Associate Professor Joanna Q. Hudson of UTHSC Receives $140,000 Grant to Research Antibiotic Dosing For Patients Undergoing a New Method of Dialysis

Elvira Gosmanova, MD, left, and Joanna Q. Hudson, PharmD, will use a $140,000 grant from the Oxnard Foundation to study antibiotic dosing for patients undergoing Sustained Low Efficiency Dialysis.

Elvira Gosmanova, MD, left, and Joanna Q. Hudson, PharmD, will use a $140,000 grant from the Oxnard Foundation to study antibiotic dosing for patients undergoing Sustained Low Efficiency Dialysis.

Seriously ill patients who develop bacterial infections in the bloodstream require aggressive treatment with antibiotics. They also can develop kidney failure that requires hemodialysis.

But the same hemodialysis that removes fluids and toxins from the body can also remove medications, including antibiotics. Thus, proper antibiotic dosing can be difficult, particularly when a relatively new type of dialysis called Sustained Low Efficiency Dialysis (SLED) is used. The procedure is done on patients who cannot tolerate conventional hemodialysis because their blood pressure drops too low during the therapy.

Joanna Q. Hudson, PharmD, FCCP, FASN, associate professor in the Department of Clinical Pharmacy and in the Division of Nephrology at the College of Medicine at the University of Tennessee Health Science Center (UTHSC), has been awarded a $140,000 grant from the Oxnard Foundation of Newport Beach, Calif., to research antibiotic dosing recommendations for patients undergoing SLED. She and co-investigator Elvira Gosmanova, MD, an associate professor of Medicine in the Division of Nephrology at the College of Medicine, will conduct their study titled, “Development of Antibiotic Dosing Recommendations for Sustained Low Efficiency Dialysis,” over a two-year period.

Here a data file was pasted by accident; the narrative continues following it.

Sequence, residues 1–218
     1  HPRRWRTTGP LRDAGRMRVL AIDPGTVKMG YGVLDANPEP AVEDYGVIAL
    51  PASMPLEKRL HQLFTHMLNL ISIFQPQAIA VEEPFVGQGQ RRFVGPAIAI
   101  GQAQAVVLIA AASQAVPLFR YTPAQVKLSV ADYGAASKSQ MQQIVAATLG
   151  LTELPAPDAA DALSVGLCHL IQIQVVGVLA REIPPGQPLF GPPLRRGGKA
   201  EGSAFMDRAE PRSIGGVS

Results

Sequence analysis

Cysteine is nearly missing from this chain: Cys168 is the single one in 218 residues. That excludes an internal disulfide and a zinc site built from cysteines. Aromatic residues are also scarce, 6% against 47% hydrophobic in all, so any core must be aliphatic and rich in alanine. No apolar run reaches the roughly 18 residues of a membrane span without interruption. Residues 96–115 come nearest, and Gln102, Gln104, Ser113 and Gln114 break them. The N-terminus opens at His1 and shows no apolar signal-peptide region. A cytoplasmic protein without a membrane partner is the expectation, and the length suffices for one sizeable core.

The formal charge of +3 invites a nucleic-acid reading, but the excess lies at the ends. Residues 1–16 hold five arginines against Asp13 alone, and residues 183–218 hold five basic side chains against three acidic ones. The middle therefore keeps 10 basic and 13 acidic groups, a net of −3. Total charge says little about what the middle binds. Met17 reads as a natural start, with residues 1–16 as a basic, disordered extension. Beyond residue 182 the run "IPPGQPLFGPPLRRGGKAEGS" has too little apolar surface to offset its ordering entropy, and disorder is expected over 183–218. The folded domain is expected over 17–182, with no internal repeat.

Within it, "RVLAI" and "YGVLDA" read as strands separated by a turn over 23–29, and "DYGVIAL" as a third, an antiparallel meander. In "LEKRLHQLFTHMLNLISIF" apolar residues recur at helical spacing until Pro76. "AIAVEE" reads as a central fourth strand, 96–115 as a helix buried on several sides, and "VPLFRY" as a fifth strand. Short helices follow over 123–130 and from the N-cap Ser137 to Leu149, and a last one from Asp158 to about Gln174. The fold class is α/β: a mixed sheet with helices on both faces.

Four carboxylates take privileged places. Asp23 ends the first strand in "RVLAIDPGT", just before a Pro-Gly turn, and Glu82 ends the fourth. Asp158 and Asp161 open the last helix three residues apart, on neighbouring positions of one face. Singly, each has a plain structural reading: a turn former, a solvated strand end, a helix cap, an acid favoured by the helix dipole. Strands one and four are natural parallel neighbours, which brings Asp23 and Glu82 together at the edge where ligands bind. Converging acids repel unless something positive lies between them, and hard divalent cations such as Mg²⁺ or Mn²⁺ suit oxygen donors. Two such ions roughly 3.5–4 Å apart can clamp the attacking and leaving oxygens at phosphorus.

They will measure how quickly and to what extent five antibiotics typically used to treat serious infections are removed or cleared from the body of patients undergoing SLED. This will help them gauge proper antibiotic dosing for this type of patient.

“There is a critical need to determine how this form of dialysis affects drug removal, so that dosing regimens can be designed to maximize the benefits of the antibiotics and minimize the risk of adverse effects,” Dr. Hudson said. “Our ultimate goal is to develop safe and effective antibiotic dosing recommendations for patients undergoing this type of renal replacement therapy who have serious infections.”